While some plants, such as vegetables, herbs, and shrubs, thrive in colder climates, others, such as those that are more tropical or subtropical, struggle.
According to Horticulture at UF/IFAS Extension Bay County’s Julie McConnell, “if it says it can’t tolerate below 50 degrees, then as the temperature drops you want to try to bring it indoors.”
Impatiens, marigolds, tropicals, basil, tomatoes, and peppers are among the most typical plants that require protection.
McConnell stated, “If they still have if you have fruit on a tree, then you might want to try to harvest it because it will damage the quality if it gets cold enough and stays cold enough to freeze the fruit.”
According to Mcconnell, bringing your plants inside is the safest option.
In the event that that is impractical, covering the plants with a flimsy, non-plastic sheet or cover can assist with saving your nursery.
McConnell stated, “I would just cover the plant and then use some little bricks or rocks or something to weigh it down just so that it won’t fly away in the wind and just helps to trap that heat.” The following day, when the sun comes out, I want to make sure to take it off so it doesn’t get too hot.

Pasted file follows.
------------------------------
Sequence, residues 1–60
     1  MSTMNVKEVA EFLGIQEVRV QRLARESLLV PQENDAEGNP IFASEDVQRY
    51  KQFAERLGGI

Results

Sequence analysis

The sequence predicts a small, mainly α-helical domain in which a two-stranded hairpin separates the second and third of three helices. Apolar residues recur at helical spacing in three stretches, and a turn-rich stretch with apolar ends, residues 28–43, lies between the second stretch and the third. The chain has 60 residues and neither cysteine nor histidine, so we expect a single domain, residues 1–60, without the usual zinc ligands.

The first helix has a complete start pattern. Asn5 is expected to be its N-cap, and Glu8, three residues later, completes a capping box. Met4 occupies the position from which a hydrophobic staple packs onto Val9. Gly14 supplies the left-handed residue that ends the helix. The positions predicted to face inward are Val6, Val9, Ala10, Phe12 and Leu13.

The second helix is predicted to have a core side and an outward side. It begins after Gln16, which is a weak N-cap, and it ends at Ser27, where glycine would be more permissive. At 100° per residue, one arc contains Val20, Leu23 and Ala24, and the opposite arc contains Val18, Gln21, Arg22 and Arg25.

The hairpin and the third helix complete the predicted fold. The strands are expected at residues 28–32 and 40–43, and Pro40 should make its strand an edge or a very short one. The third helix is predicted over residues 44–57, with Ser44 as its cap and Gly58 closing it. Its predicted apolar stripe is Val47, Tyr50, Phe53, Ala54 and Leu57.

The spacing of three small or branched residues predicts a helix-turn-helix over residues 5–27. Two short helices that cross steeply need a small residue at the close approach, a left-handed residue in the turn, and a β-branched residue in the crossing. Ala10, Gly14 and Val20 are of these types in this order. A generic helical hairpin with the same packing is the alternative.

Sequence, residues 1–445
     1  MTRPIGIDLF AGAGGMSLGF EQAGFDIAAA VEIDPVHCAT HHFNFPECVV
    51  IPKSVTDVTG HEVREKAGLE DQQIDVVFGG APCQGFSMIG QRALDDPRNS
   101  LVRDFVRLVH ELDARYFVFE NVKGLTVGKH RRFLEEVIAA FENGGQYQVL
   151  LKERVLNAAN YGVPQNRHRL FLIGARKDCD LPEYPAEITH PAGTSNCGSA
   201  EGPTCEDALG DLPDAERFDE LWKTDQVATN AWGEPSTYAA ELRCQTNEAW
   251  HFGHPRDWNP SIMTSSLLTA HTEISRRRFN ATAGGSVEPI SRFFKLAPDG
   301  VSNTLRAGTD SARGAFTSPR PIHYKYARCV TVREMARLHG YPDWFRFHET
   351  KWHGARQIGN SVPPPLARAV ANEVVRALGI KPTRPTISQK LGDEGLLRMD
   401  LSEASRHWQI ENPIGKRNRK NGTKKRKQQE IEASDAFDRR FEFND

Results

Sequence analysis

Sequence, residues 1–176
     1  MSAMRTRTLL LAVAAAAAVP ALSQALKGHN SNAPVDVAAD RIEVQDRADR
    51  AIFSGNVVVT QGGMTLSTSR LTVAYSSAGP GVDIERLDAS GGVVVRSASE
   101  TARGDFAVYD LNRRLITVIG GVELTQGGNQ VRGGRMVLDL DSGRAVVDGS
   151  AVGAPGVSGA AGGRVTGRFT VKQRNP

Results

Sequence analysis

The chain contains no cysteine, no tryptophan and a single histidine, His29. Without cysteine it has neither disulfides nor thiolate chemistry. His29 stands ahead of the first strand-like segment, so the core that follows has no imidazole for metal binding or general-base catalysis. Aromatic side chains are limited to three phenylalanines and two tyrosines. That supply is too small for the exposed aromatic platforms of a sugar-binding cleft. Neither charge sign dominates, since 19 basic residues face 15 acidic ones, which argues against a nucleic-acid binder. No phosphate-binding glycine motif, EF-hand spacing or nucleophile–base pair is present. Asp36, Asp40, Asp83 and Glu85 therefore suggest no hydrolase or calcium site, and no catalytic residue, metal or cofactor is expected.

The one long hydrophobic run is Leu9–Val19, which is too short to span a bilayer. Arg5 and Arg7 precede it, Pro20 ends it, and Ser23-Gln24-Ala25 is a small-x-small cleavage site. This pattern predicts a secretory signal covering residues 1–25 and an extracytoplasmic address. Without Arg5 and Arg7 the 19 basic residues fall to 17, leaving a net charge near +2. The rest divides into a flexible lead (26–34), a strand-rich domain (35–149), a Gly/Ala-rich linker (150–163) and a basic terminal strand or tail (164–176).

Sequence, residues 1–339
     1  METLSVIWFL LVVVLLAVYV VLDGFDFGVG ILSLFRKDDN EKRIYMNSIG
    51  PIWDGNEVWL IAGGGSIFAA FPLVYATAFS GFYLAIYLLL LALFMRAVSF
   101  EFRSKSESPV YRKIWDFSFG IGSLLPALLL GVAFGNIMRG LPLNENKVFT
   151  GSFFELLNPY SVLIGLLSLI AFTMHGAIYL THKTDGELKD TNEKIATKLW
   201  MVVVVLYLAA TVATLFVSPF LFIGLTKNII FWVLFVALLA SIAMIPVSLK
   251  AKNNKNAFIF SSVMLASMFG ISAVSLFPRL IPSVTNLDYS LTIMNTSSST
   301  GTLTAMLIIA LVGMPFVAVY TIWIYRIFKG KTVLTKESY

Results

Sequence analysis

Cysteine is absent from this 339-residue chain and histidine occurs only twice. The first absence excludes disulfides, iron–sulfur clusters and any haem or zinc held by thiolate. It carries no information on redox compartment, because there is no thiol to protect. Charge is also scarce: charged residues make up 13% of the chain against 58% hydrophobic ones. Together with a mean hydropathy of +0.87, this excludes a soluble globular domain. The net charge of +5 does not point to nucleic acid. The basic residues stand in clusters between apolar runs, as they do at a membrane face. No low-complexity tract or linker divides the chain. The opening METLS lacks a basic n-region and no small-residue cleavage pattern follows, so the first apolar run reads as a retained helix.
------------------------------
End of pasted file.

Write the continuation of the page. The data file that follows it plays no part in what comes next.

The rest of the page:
A typical mix-up individuals make is getting the covering around the plant like a candy. The heat that is rising from the ground cannot reach the plant as a result of this.
McConnell stated, “You can actually have some ice formation that could cause some damage to the foliage or the flowers” if the condensation gets in and freezes.
McConnell advised against over-saturating your plants with regrowth products if they have been affected by the cold. Rather, the best thing you can do is ensure that they have enough water.
You can send a picture of your plants to the UF/IFAS Extension (email) if you are having trouble determining whether or not they are susceptible to the cold. They will assist you in determining the best course of action.